Submitted March 22, 1988.
Decided April 25, 1988.
GREGORY, Chief Justice:
Respondents commenced this action challenging the validity of S.C. Code Ann. § 48-39-40 (1987) insofar as it provides that four legislators serve ex officio on the eighteen-member South Carolina Coastal Council. Respondents alleged violations of the dual office holding and separation of powers provisions of the state constitution. S.C. Const. art. III, § 24; art. I, § 8. Appellants moved to dismiss the action for lack of
Respondents' complaint alleges they are "non-profit public interest organizations devoted to the promotion of good government and the wise use and conservation of natural resources." They allege their members "use and enjoy the natural resources of the coastal zone of South Carolina which are affected by decisions of the South Carolina Coastal Council." Appellants contend these allegations are not sufficient to establish respondents' standing to maintain this action. We agree.
The constitutionality of legislation may not be attacked by one who fails to show in his complaint that he has some personal interest other than that shared in common with other members of the public. Culbertson v. Blatt, 194 S.C. 105, 9 S.E.2d 218 (1940). A plaintiff must allege an actual controversy in which he has a personal stake. Toussaint v. State Board of Medical Examiners, 285 S.C. 266, 329 S.E.2d 433 (1985). In cases challenging the composition of administrative agencies, this Court has found standing where the plaintiff was subject to the agency's disciplinary authority, Toussaint, supra, or was required to petition the agency for licensure, Gold v. State Board of Chiropractic Examiners, 271 S.C. 74, 245 S.E.2d 117 (1978). Respondents have alleged no such personal stake in the outcome of the litigation here.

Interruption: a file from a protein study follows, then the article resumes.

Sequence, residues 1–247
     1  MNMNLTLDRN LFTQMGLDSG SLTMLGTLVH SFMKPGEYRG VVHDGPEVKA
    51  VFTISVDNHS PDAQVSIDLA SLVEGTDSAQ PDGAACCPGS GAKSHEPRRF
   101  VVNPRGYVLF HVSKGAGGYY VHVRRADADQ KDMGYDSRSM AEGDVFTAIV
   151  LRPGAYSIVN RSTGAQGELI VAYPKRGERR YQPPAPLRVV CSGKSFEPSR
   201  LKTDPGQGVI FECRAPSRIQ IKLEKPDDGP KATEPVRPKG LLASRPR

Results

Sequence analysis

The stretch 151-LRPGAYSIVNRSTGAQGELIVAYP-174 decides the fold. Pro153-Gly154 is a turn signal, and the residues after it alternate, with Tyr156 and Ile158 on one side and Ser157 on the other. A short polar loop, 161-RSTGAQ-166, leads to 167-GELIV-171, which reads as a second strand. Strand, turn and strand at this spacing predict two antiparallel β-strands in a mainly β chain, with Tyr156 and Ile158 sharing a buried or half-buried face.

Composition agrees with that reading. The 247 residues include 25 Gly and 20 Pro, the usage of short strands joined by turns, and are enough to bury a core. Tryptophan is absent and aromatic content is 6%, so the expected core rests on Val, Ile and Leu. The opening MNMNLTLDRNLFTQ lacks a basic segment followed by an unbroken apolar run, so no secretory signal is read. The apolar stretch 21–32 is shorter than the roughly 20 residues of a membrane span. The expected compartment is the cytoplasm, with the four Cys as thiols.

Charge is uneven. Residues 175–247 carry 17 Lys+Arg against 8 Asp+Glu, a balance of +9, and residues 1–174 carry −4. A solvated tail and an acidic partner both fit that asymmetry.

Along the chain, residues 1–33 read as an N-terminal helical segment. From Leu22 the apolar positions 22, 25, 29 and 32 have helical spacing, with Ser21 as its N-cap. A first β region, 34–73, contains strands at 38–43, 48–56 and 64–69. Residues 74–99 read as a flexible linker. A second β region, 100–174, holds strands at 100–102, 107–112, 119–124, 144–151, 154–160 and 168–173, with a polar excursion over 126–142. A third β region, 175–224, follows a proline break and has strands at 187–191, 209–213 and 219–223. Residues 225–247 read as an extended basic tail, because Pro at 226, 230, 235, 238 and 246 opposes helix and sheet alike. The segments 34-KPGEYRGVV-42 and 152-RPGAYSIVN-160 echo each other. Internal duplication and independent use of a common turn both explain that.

In Sierra Club v. Morton, 405 U.S. 727, 92 S.Ct. 1361, 31 L.Ed. (2d) 636 (1972), a case concerning allegations of injury to the environment, the United States Supreme Court held an organization has standing only if it alleges that it or its members will suffer an individualized injury; a mere interest in a problem is not enough. See also United States v. SCRAP, 412 U.S. 669, 93 S.Ct. 2405, 37 L.Ed. (2d) 254 (1973) (environmental group standing where complaint alleged increase in freight rates would discourage use of recycled goods); Conservation Council of North Carolina v. Costanzo, 505 F.2d 498 (4th Cir.1974) (following Sierra, supra, finding no standing of licensee alleging environmental injury to another's land).
Because respondents have alleged no individualized injury, we hold they have no standing to maintain this suit.
We need not address appellants' remaining exceptions. The order of the circuit court is
HARWELL, CHANDLER and FINNEY, JJ., and Acting Associate Justice J.B. NESS, concur.